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The Buddha just continued to sit there and never saying a word. About two months ago a Vietnamese fellow and his wife came to our door and asked if I would mind if he put a little house around the Buddha and I informed him that I had no issue with that and that he didn’t have to seek our permission because the Buddha we installed was a civic Buddha and didn’t belong to us but to the community.

Since then people come and pay their respects to Buddha in large numbers throughout the day. They sweep and tend the area everyday and their presence creates a people presence which in many neighbors’ minds makes the neighborhood feel safer.

Lu and I are not Buddhists and we installed this Buddha because we felt that he was a neutral being that denotes compassion, brotherhood, and peace. The fact that our experiment has proven more successful than we had ever imagined is a wonderful thing for us and our neighborhood. And to think that this Buddha has just sat there all this time and never said one word.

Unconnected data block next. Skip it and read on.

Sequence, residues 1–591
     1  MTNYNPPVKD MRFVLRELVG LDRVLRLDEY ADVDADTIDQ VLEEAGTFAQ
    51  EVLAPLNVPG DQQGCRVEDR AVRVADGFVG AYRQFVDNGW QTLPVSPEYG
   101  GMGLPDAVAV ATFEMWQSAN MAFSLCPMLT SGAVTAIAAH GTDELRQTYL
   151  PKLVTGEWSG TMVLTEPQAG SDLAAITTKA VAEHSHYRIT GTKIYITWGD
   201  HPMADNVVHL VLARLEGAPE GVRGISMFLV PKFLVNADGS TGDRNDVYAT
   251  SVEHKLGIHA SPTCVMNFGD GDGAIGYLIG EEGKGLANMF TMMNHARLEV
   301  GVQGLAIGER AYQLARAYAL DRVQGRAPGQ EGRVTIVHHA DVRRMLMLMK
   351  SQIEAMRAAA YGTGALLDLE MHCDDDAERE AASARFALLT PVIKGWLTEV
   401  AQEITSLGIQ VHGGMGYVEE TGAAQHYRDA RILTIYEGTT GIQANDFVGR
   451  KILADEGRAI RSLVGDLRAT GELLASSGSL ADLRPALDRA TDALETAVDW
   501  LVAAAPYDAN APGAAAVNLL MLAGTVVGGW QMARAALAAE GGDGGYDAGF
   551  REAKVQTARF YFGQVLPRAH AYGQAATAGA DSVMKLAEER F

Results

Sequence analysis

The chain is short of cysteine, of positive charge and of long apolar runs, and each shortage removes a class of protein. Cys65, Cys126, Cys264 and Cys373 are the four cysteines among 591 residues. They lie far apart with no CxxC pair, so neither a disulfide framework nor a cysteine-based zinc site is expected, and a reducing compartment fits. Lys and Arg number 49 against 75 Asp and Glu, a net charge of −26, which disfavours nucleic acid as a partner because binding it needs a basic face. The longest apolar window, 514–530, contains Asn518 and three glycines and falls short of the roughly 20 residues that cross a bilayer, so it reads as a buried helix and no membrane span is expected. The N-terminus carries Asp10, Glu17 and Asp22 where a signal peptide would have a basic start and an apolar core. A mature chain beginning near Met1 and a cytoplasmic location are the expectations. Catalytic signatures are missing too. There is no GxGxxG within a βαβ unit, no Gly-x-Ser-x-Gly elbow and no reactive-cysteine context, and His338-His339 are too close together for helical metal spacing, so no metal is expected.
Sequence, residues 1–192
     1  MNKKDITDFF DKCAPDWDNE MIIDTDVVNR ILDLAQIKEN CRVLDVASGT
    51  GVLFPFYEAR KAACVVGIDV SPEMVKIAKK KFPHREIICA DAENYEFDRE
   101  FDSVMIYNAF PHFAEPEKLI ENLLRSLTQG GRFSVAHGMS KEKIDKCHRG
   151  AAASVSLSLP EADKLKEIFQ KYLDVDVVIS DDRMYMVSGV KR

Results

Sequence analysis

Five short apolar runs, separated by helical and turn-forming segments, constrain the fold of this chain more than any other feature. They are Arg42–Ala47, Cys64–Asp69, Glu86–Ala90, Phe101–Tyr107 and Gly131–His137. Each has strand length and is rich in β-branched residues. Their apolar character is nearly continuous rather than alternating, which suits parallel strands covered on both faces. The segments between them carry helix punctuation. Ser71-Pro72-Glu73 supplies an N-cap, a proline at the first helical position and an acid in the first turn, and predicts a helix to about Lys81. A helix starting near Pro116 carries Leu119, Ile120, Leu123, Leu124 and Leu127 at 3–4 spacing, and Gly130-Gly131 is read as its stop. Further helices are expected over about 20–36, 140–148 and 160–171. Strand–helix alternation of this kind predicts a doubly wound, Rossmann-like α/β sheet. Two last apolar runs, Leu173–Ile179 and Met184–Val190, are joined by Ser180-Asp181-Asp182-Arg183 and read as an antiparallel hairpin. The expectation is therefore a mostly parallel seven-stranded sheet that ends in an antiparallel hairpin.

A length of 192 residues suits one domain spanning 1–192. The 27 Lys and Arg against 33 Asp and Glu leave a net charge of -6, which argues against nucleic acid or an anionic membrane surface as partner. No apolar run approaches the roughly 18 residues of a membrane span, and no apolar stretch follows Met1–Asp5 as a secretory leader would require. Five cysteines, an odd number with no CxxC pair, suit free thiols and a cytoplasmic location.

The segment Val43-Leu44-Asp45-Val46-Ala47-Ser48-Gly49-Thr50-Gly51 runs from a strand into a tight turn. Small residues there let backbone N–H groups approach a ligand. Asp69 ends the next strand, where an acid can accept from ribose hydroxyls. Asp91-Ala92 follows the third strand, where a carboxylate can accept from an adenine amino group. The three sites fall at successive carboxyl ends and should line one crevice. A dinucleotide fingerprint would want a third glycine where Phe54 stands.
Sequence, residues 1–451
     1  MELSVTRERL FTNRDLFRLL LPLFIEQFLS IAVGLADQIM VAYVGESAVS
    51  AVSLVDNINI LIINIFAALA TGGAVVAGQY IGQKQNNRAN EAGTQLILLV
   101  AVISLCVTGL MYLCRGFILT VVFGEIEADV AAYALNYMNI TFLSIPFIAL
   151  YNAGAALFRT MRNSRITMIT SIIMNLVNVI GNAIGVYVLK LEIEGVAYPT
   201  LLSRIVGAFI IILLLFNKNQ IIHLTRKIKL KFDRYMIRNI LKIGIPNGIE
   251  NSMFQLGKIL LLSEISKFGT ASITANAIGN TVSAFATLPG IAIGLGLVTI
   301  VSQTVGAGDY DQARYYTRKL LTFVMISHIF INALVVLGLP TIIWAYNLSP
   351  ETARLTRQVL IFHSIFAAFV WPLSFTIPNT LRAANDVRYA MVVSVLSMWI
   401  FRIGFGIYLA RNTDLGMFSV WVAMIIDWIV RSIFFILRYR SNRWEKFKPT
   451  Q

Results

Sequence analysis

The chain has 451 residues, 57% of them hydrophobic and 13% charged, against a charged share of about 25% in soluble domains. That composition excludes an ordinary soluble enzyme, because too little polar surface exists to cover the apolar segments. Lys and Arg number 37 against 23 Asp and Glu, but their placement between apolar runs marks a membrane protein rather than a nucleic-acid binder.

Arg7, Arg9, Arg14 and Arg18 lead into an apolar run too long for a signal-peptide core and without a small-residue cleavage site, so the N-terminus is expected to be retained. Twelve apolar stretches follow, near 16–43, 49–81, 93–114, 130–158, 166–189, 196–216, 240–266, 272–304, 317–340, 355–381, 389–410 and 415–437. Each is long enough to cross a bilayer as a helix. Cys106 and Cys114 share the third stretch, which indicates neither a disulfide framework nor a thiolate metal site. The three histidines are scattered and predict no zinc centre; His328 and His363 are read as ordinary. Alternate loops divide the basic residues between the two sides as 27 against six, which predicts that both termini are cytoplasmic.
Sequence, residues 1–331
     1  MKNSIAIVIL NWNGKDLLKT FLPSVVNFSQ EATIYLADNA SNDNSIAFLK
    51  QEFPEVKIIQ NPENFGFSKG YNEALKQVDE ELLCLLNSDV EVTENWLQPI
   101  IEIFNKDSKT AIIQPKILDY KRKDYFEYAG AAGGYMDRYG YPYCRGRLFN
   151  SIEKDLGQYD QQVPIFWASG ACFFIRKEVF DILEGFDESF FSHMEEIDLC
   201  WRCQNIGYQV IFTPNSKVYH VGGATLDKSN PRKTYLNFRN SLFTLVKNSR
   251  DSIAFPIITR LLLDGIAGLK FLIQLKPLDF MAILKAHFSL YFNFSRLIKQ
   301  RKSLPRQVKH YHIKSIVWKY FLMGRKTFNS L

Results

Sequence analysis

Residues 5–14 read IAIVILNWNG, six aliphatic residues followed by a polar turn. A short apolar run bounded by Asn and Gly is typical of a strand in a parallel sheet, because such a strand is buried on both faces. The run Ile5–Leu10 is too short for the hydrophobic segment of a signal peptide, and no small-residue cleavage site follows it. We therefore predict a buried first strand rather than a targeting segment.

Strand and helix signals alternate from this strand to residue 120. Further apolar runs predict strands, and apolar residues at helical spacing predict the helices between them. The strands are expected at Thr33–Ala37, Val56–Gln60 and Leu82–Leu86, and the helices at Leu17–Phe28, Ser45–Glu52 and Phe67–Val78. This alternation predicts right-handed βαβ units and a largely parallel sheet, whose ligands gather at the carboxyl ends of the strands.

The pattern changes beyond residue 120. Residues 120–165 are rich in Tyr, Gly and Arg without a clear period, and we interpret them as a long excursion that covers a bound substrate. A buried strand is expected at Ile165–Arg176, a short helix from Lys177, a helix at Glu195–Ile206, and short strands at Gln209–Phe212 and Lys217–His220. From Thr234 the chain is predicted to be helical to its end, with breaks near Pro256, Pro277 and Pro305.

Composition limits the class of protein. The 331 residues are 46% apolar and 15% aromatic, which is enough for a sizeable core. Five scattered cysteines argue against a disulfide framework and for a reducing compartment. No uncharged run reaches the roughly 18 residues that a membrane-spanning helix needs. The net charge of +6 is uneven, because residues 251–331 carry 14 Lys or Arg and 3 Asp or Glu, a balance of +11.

Contemplate that! Recently because of the increased activity around the Buddha someone called the City Public Works Department to complain about its presence.

It was a Monday morning when a neighbor called me and informed me that a Public Works supervisor from the City was in the neighborhood looking for information about the Buddha so I came out to see what the problem happened to be.

The supervisor informed me that the Buddha was going to be removed because an anonymous (single) complaint had been made about the Buddha. The supervisor explained that if I could get hold of the people who had installed the Buddha and have them remove the little house and the Buddha beforehand, his crew wouldn’t have to come out and dismantle it and throw it away.